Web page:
In a sign of deepening ties between Latin America and China, Beijing joined the Inter-American Development Bank (IDB) last week. As the forty-eighth IDB member—and, along with South Korea and Japan, the third Asian member—China agreed to contribute $350 million for development projects in the region. China’s U.S. Ambassador Zhou Wenzhong said that use of this kind of multilateral forum to support development could help offset the global financial crisis, reports McClatchy.
Beijing’s IDB membership has been under negotiation for roughly a decade and comes at a time when its trade ties with Latin America have grown exponentially. China rose from the region’s twelfth largest trading partner in 1995 to its second (behind the United States), and total trade reached $110 billion in 2007. At a 2004 Asia-Pacific Economic Cooperation (APEC) summit, China pledged to invest $200 billion in Latin America over the coming decade. The funds flowed in slowly since then, reports the Los Angeles Times, but China’s Latin American investments include a $3 billion steel mill near Rio de Janeiro, a multibillion-dollar social investment fund with Venezuelan President Hugo Chávez, and Ecuadorian and Colombian oil assets.
With its economy flourishing in recent years, China’s hunger for primary resources helped tighten trade ties; Latin America serves as a source for energy, minerals, and foodstuffs. Some experts warn that the dependence on commodity exports could harm Latin American budgets in the case of dropping prices. A recent article in Latin Business Chronicle argues that, should China’s economy slow as a result of the current global financial crisis, “[t]he cold that the energy sector might catch” could hinder access to capital and hamper investment.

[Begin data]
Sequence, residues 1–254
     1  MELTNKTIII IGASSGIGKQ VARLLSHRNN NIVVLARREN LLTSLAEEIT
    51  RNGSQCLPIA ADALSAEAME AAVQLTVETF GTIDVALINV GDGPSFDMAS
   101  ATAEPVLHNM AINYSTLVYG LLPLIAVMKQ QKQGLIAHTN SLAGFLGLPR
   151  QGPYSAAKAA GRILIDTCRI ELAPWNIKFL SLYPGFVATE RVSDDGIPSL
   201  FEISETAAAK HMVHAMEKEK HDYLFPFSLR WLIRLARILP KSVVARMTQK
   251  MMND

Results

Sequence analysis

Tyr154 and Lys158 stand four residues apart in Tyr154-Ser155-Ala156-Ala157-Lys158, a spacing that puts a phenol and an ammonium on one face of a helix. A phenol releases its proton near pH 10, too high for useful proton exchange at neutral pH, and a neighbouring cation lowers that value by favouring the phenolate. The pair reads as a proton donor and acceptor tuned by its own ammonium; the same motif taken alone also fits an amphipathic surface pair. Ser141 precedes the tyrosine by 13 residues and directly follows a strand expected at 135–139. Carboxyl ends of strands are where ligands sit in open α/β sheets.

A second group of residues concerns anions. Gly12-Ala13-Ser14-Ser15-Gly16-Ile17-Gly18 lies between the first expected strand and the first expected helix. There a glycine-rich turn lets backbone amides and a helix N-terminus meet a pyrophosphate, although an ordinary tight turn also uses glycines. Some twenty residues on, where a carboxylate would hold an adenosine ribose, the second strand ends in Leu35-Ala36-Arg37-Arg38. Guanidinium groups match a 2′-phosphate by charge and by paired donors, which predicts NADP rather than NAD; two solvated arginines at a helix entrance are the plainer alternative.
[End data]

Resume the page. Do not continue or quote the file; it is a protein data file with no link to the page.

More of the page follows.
A new report by the Economic Commission for Latin America and the Caribbean (ECLAC) examines Asian-Latin American ties with a focus on China and warns that, despite the rapid growth in trade between and within the regions, “economic links generally remain weak and show little diversification.” The report urges cutting red tape that hinders trans-Pacific trade, deepening focus in value-added goods from Latin America, and stronger Asian-Latin American business ties.
Leaders will have an opportunity to reinforce those links when they meet November 21 through 23 in Lima, Peru for the annual APEC summit. During a meeting between Australian envoy Richard Wolcott and Peruvian President Alan García last week, Wolcott pitched the idea of an Asia-Pacific free trade zone, with details to be worked out next month during the APEC Leader’s Meeting. Read AS/COA analysis about APEC’s Peru Year.
Analysts have at times posited that Beijing’s activities in Latin America come at the expense of Washington’s influence in the region. But a recent Congressional Research Report analyzing Chinese use of “soft power” in the region suggests the United States maintains certain strengths in the hemisphere. China typically remains uninvolved in local politics of the countries where it invests, drawing criticism in particular for its economic interests in Sudan. Yet entrance into the IDB could provide China with a platform for convincing several of the bank’s members to switch allegiance from Taiwan. A dozen Central American and Caribbean countries support Taipei’s calls for a UN seat, which it lost in 1971 when China gained recognition. Taiwanese President Ma Ying-Jeou visited Central America in August in an effort to shore up alliances that have frayed as China’s trade ties to Latin America deepen. Costa Rica switched its allegiance to Beijing in June 2007.